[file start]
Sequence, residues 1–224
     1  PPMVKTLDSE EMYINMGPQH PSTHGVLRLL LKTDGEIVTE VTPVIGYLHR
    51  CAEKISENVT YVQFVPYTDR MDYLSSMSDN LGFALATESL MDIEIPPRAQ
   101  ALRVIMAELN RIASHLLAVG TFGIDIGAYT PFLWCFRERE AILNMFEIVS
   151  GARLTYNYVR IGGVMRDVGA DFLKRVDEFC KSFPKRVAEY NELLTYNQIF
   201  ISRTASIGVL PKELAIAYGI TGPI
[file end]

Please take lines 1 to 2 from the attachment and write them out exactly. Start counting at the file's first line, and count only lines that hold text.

Sequence, residues 1–224
     1  PPMVKTLDSE EMYINMGPQH PSTHGVLRLL LKTDGEIVTE VTPVIGYLHR